I’ve been a big fan of Team Fortress 2 for about 7 years now. Which sounds like a lot, but my 7 years and 900 hours is nowhere near the decade plus and thousands of hours many other players have dedicated to the game. Still, I’ve been able to experience a lot of what the game and its community have to offer, from trading to mapmaking to community servers and much more.

There’s been one part of TF2 that was of special interest to me for a long time, which is its competitive and esports scene. It’s been remarkable and wonderful to see a group so dedicated and willing to invest a lot of travel, money, and time for what is a pretty small part of the overall TF2 community. I too got very engaged with competitive TF2, watching all the leagues, events, and even playing a bit myself. But as time went on I became less and less interested in the competitive scene, and the reason is really quite simple: Team Fortress 2 is not a game that lends itself well to esports.

That’s quite an assertion, but it makes a lot of sense. If you just look at the design of weapons, characters, updates, comics, or pretty much any other official TF2 content, it’s pretty clear the game is designed as a casual experience. I want to take a little dive into the issues with competitive TF2, using comparisons to its younger, more popular, and more loved cousin, Overwatch.

A couple notes here: What I’m saying may be pretty obvious to anyone who knows anything about competitive TF2. This is mainly an exercise in pointing out the features that make a good esports game by comparing it to a bad one. The other note is that most of what I say here applies to other strong esports games; Overwatch just happens to be a game of similar style to TF2. There’s a lot more involved in making a good esports scene, but this focuses on what the game itself should be able to bring to the table.

Developer backing is vital.

While Overwatch is still a newer game, it’s gotten much more support from Blizzard in that time than TF2 ever really did from Valve. Blizzard has had their own share of controversies, but they’ve been more communicative, more supportive of their community, and willing to put in much more developer time. TF2 has not had a major content update in 1197 days (over 3 years) at the time of this writing, while Overwatch got a patch today (with Overwatch 2 on the horizon). he idea here is pretty simple; players don’t want to play a dead game. And TF2 is still littered with bugs and hackers and it’s not a stretch to say the game is just living out the rest of its golden years.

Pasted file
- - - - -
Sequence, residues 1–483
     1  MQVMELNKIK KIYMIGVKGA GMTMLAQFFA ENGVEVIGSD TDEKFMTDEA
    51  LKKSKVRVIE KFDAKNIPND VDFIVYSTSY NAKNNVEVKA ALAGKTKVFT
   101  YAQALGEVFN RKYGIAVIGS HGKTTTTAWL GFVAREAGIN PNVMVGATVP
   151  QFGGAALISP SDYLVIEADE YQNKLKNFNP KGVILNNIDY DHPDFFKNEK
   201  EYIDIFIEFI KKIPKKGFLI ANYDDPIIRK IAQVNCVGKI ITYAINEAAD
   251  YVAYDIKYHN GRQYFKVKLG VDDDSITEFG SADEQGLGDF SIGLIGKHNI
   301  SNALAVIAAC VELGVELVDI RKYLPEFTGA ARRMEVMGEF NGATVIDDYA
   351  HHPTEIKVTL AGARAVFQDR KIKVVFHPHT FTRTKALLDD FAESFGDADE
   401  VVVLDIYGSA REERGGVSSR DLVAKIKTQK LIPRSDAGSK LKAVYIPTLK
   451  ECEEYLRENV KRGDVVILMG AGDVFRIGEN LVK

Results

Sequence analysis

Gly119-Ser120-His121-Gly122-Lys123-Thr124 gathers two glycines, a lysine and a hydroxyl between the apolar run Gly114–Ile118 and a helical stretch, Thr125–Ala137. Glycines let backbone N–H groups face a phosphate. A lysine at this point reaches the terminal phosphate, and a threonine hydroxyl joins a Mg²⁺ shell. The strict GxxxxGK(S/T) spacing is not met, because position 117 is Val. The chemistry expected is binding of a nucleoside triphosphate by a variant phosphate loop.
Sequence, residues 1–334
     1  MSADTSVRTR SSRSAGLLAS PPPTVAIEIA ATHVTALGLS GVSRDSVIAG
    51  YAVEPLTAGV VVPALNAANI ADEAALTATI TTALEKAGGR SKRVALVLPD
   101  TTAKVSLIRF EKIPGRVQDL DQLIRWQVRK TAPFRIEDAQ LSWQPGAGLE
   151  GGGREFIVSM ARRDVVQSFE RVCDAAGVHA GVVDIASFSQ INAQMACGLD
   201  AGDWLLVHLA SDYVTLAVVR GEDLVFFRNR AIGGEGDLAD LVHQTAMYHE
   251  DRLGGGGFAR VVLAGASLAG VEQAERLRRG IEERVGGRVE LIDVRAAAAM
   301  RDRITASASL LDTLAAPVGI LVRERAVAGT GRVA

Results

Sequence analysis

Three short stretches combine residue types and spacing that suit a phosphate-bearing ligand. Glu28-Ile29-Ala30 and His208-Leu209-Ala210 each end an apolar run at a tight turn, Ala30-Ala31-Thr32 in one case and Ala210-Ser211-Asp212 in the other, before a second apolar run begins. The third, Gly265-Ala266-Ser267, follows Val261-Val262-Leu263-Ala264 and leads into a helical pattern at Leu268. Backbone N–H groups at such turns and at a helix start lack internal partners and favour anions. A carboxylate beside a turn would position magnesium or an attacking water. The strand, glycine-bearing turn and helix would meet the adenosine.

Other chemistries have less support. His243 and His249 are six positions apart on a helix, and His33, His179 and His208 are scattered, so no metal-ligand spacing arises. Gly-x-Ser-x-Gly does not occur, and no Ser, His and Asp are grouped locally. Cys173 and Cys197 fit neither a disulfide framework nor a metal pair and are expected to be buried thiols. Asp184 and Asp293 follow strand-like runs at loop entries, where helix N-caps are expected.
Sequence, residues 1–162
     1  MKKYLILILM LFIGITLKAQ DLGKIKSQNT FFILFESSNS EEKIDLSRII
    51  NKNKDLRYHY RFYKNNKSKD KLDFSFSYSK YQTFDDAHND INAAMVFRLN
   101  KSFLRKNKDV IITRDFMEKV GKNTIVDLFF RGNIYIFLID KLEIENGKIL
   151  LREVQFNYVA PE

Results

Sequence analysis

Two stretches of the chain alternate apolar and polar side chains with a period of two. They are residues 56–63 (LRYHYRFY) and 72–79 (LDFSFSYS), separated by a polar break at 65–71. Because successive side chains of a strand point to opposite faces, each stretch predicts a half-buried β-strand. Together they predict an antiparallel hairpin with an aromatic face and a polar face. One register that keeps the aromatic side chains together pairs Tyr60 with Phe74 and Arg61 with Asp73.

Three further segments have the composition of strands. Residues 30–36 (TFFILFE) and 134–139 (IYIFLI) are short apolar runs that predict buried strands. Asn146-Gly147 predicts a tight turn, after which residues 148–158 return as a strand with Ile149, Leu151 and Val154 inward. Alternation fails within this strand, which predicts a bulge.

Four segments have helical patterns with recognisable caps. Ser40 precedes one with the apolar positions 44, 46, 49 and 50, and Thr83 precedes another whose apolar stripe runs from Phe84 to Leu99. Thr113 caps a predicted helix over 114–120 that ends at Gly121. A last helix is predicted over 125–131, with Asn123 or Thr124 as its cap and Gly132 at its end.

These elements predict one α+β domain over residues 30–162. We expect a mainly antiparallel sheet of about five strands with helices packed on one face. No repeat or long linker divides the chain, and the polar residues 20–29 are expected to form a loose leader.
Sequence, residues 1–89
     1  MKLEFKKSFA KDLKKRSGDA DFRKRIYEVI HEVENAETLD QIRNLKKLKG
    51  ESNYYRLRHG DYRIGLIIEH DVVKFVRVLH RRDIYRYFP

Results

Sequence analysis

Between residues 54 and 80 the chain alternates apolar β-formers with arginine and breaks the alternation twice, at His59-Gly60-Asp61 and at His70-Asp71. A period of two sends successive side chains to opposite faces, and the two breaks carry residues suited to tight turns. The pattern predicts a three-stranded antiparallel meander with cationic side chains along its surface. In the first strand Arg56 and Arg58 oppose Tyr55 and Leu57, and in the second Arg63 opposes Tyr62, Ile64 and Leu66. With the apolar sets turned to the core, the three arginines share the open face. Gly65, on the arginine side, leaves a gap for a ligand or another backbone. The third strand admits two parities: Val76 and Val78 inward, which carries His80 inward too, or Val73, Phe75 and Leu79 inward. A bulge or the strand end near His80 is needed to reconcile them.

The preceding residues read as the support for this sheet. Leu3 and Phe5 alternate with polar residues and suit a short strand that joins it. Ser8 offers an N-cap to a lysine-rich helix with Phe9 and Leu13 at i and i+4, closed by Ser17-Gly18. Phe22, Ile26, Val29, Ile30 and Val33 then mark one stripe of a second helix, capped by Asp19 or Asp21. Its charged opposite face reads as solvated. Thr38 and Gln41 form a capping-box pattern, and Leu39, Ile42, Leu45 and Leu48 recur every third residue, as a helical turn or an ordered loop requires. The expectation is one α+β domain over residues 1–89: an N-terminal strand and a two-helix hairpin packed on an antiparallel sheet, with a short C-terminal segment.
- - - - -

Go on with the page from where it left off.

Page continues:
More money = more talent = a thriving esports scene.

Money talks, and for pro TF2 players Overwatch’s prize pool of almost $11.5 million in 2021 is a siren’s song that has brought many players and talent over to the other side. TF2’s pools have topped out at around $15-20k (most of which happened several years ago and were sponsored by ESEA, who has since shut down their TF2 league). Valve themselves are no strangers to pumping money into esports games, with DOTA and CS:GO having some of the largest prize pools in all of esports. TF2, sadly, is left in the dust. Players have less incentive to stay and leagues have less incentive to invest, leading to many pro players taking their skills to Overwatch and some organizations to drop their leagues. In addition, outside sponsors are much more willing to give lots of money to teams and events in a thriving esports scene.